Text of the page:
Books at a touch

Updated: 2014-11-05 07:52

By Xing Yi(China Daily)

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Books at a touch

Visually impaired people read at a library in Hefei, Anhui province, on World Sight Day in October 2013. [Photo/China Daily]

In 2011, the library moved from the outskirts of Beijing to a more central location near the Temple of Heaven, but as the only specialist library it is still too far for many readers in a big city. In a bid to overcome the problem, the library has teamed up with volunteers, who escort blind people on visits and organize activities for them.

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"I don't know Braille, the volunteers read books to me," says Yan, who gives only his surname. He comes to attend a book club held at the library twice a month. "To discuss books with others adds more joy to my reading experience."

Besides book clubs, the library also organizes computer training, lessons on musical instruments and public speaking.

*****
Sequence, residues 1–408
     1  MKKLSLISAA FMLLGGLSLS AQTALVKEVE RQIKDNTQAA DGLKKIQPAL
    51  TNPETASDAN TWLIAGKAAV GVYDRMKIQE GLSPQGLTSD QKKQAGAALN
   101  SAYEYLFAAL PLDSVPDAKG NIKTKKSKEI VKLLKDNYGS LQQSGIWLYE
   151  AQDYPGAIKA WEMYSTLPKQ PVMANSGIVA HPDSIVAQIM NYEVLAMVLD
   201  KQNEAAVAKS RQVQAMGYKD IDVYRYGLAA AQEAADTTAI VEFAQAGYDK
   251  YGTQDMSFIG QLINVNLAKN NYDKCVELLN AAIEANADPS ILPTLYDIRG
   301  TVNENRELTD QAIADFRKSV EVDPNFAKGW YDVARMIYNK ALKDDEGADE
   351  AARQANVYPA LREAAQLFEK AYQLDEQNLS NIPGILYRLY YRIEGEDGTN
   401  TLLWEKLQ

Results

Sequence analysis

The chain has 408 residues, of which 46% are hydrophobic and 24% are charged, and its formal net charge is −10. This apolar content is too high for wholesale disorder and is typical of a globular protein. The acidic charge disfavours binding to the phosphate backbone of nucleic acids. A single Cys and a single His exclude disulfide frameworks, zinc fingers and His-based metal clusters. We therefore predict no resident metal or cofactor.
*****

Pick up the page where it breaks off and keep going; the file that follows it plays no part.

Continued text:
"We've been shifting our position from being a passive provider of resources to a proactive educator, motivating the blind to make full use of our facility and services," says Ma.

Among China's 17 million blind people, only around 10 percent are estimated to know Braille. For the rest, hearing is their only way to books. However, Chinese publishers don't have too many audio-enabled books for the blind.

Hongdandan is a Beijing-based nonprofit that "provides cultural products through voice", and one of their primary services is to record audiobooks. Founded in 2003, the organization started out as a provider of broadcast training to the blind.

"Then visually impaired children asked us to record books that they wanted to read but didn't have them in Braille versions," Zheng Xiaojie, founder of Hongdandan, says of the nonprofit's foray into audiobooks in 2007.

In 2011, she founded a small library of audiobooks called Ximu, meaning "eyes in the heart", which holds nearly 400 books in Daisy format, the international standard layout for audiobooks recorded for blind readers.

Zheng says that the process of producing quality books requires a lot of time, and given Hongdandan's nonprofit status, most of the work is done by volunteers, pegging such projects on limited resources.